Vascular injury & repair
Vascular injury & repair
Cardiovascular disease remains the biggest single cause of death and disability in many countries, accounting for 160,000 deaths each year in the UK, 42,000 of which occur in people below the age of 75. However, an improved understanding of cardiovascular disease has led to better treatments, with death rates in the UK declining by more than three quarters in the last 50 years (BHF heart statistics). Despite this, many aspects of cardiovascular disease pathogenesis need clarification to continue the improvement of preventative and treatment strategies. The cardiovascular group comprises a collaboration of clinical and basic scientists with an interest in the mechanisms involved in arterial narrowing (atherosclerosis, neointimal proliferation) and vascular growth (vasculogenesis, arteriogenesis, angiogenesis) and cardiac injury/ repair. This interaction allows investigations to range “from molecule to man” using combinations of molecular and cellular biology, preclinical testing and clinical investigations. Improving our understanding of cardiovascular remodelling should enable the development of new treatments for clinically-significant conditions, including coronary artery disease, stroke, myocardial infarction and critical limb ischaemia. Considerable interest currently centres on the use of cell administration to stimulate angiogenesis in ischaemic tissues. Challenges include identifying (with the development of new imaging techniques and identification of novel biomarkers) and treating the vulnerable, rupture prone lesions that are implicated in cardiovascular morbidity and mortality. Much effort is focussed on the use of state-of-the-art imaging techniques to improve detection and analysis of unstable lesions and to demonstrate the impact of treatment on these plaques.
Neointimal Proliferation/ Atherosclerosis
The Cardiovascular group has extensive experience in this area, with strong research themes investigating the impact of particulate air pollution, hormones (glucocorticoids, androgens) and endothelins on arterial narrowing and rupture. New treatments have been assessed, including the use of viral vectors for targeting vascular injury. More recent research addresses the influence of hydrogen sulphide, miRNAs and lncRNAs on lesion formation. An example of an atherosclerotic plaque is shown below:
The growth of new blood vessels is vital to the developing foetus and has specific roles in the adult. Alterations in angiogenesis can contribute to disease development (for example in atherosclerosis, retinopathy) but stimulation of new vessel formation has potential for the treatment of ischaemic disease (eg myocardial infarction, critical limb ischaemia). Research within the group addresses the influence of hormones (glucocorticoids, androgens) and trichoplein on neovascularisation. Cell tracking studies are also addressing the possibility that clonal expansion of endothelial cells is responsible for generation of new vascular networks (and for arterial repair).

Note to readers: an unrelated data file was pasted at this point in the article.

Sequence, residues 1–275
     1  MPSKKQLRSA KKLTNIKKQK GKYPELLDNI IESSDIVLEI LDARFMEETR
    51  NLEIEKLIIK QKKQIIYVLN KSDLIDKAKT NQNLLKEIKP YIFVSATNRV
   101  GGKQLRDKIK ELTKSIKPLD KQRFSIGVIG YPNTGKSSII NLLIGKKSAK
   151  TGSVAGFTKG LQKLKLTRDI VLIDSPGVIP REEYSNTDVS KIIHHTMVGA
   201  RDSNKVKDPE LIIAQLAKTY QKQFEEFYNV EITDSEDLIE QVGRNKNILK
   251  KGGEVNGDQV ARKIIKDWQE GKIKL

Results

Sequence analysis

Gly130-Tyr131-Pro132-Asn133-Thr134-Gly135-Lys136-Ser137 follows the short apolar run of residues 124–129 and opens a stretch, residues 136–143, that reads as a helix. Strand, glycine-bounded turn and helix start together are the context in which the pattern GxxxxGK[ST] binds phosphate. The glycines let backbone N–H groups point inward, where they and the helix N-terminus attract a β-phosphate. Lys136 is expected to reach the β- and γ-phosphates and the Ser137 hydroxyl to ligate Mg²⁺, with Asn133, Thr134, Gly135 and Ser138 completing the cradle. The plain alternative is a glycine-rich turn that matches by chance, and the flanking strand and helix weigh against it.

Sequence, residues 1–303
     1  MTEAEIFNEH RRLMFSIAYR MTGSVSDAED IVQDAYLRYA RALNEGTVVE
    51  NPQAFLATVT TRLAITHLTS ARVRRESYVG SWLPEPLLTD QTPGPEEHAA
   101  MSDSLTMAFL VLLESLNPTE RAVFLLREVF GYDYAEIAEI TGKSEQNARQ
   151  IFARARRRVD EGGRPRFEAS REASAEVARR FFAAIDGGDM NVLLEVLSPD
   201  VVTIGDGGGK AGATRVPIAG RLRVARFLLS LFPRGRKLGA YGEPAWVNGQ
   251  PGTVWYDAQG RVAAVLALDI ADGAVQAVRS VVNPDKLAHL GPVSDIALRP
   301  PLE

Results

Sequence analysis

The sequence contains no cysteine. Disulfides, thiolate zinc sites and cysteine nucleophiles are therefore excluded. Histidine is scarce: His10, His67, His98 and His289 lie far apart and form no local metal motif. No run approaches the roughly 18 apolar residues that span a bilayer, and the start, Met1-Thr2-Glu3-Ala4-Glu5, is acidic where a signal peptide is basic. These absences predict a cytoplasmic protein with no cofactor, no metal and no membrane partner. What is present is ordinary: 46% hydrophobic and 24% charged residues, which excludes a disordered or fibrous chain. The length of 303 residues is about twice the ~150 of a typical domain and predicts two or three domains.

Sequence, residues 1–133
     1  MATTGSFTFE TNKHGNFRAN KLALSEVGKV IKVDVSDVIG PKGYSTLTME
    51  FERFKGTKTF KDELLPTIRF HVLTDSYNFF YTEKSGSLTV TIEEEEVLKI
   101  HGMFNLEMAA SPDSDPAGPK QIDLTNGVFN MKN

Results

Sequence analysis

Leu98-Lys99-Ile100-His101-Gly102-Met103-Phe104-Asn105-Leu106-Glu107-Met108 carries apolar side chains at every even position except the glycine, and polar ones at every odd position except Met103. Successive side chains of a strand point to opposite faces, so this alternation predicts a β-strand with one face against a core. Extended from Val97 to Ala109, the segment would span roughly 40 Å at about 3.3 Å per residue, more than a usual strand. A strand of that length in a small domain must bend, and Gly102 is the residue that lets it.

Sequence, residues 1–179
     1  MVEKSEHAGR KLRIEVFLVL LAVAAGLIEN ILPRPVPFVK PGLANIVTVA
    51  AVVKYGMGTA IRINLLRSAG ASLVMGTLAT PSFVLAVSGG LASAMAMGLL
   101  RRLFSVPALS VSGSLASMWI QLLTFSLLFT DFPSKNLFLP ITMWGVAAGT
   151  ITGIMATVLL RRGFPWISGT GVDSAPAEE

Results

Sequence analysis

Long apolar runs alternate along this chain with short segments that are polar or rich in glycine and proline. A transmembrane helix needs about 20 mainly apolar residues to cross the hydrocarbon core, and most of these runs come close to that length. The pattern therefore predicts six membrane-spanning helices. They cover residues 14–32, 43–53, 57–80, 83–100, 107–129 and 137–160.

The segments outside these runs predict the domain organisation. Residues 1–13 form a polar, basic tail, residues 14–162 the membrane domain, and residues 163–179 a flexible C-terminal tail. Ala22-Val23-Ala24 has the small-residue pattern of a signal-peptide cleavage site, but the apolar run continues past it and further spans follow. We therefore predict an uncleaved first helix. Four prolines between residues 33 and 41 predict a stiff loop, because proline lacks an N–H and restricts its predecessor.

Pre-clinical models have been used extensively to investigate the healing mechanisms (incorporating acute and chronic inflammatory responses and the angiogenic growth of new blood vessels) following myocardial infarction. This includes clarifying the mechanisms enabling injured neonatal hearts to regenerate which are lost soon after birth.
Considerable interest currently centres on the potential for cell (particularly stem cell) therapies for use in the treatment of vascular disease; for example by targeting areas of arterial injury and “reseeding” with healthy cells; or by using cell administration to stimulate new vessel growth in ischaemic tissues. The Cardiovascular group has established research interests in the regenerative potential of perivascular cells (pericytes, adventitial cells) and endothelial progenitor cells.
There is a considerable need to development biomarkers to improve diagnosis of myocardial infarction and identification of patients at risk of lesion rupture. Scientists in the Cardiovascular group have led the development of novel biomarkers (high sensitivity troponin) that help identify patients who have suffered a heart attack.
Staff in the group have developed novel imaging technologies to help identify, analyse and understand cardiovascular remodelling in vivo. Techniques including MRI, PET/CT, ultrasound have been used in both pre-clinical models and in patients, providing a better understanding of the time-dependent development of cardiovascular disease and promising methods for identifying vulnerable lesions. Imaging techniques have also been used to track the fate of cells administered to modulate arterial injury/ angiogenesis.